This is a perfect example for speeding up execution using Ruby threads. With the use of Ruby multi-threading, we can allot one thread for working while another can wait for the response from the database.
Is Ruby Multithreaded or Single Threaded? The Question Arises
As we saw above, Ruby almost fails to perform multithreading. It’s natural that you will wonder whether it’s multithreaded or single-threaded.
Ruby is almost multithreaded, but not fully. And the following points will answer this question.
In System Kernel,
The GIL is a lock; unless it is released, no other process than the main can be processed.
But things change miraculously in the system kernel. If the MRI or Cruby needs to perform I/O, it communicates directly with and calls the kernel for that part, and GIL does not apply in this kernel space. This means that once the thread request is sent to the kernel, Ruby’s GIL is released and another thread can process.
So if you are planning only I/O operations, then MRI/CRuby might not affect Ruby multi-threading.
In Case You Are Using Rubinius or JRuby Interpreter
It’s a win-win situation if you use Rubinius or JRuby interpreter for your Ruby on Rails development since they don’t have GIL built in. Thus, multi-threading can be broadly useful here, unlike in MR/CRuby where you only get to work with multi-threading and Ruby classes in performing I/O in the kernel.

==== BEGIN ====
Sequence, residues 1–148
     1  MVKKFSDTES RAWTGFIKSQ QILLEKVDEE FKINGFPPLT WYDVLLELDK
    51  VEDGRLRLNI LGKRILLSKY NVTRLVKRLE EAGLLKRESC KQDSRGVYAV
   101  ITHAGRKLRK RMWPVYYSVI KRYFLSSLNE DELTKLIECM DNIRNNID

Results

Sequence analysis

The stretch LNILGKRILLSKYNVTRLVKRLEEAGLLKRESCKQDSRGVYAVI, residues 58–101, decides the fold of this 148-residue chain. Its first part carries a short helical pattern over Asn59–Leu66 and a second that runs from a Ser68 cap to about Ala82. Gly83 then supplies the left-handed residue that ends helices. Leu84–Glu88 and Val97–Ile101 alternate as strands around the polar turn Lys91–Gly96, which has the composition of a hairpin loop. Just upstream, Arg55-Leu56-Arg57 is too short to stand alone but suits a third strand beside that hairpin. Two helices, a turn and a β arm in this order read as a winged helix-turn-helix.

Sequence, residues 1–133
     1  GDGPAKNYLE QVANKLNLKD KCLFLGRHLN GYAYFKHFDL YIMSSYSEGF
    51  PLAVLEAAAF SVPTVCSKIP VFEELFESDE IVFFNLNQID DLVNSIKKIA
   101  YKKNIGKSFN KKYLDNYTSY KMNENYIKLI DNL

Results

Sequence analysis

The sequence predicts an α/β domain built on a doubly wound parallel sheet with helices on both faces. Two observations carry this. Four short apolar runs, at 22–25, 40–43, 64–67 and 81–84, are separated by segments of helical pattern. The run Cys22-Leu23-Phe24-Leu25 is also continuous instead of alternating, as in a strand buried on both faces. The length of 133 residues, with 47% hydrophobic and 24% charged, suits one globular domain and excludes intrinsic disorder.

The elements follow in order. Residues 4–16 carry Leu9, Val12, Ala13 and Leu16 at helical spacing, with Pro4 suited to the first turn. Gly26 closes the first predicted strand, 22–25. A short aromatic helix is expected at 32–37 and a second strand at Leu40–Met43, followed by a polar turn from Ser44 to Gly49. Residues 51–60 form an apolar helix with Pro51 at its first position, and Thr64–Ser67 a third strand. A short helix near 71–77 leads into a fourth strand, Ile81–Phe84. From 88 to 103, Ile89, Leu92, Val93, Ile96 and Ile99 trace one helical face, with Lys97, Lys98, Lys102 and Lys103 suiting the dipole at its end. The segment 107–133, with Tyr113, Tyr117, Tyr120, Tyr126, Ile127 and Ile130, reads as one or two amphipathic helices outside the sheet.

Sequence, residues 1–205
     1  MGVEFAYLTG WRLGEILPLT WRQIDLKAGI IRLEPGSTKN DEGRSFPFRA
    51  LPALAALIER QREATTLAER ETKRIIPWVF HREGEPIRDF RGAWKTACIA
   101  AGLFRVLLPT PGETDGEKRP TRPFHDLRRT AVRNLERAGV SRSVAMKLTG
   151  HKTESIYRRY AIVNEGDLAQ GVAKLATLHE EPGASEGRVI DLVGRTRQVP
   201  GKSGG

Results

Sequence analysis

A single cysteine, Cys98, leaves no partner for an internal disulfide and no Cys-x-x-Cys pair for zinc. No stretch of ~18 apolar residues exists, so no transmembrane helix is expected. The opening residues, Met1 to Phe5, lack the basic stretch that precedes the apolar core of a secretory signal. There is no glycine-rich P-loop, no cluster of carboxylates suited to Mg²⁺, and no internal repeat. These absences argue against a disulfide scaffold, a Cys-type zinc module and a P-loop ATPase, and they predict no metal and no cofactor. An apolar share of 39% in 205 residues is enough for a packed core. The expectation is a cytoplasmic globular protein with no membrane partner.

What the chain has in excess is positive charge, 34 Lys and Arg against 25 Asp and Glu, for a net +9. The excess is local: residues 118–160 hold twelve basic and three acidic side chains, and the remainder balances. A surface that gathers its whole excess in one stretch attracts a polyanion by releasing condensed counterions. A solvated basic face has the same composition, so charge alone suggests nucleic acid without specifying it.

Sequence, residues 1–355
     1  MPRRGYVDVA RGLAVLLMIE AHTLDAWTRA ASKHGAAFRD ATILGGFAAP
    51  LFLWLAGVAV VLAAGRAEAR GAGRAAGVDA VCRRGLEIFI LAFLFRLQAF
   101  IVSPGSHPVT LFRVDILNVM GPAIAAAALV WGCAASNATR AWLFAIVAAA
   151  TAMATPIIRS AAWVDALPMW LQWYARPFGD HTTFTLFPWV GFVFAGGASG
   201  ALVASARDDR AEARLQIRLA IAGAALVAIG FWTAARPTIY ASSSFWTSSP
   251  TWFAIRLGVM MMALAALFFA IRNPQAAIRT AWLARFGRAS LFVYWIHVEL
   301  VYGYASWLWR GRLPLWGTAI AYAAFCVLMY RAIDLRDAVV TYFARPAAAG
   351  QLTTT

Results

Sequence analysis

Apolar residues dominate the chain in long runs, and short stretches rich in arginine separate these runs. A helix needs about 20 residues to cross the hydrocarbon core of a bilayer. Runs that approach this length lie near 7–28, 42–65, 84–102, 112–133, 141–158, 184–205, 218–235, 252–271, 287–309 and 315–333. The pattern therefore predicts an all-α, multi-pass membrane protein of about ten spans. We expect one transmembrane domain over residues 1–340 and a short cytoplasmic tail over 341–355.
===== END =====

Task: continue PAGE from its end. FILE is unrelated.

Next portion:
How to Use Ruby Threads
Now let’s jump on to the main point, how you can use Ruby threads to drive efficiency and speed in your Rails application.
Creating and Initializing Ruby Threads
First off, let’s create a Ruby threads example using a new thread and then initialize it with Thread.new
And then you might notice in the following code there is no output from that particular thread,
The reason for this is that Ruby waits for the threads to finish.
However, you can call the join method on the thread to fix the above code.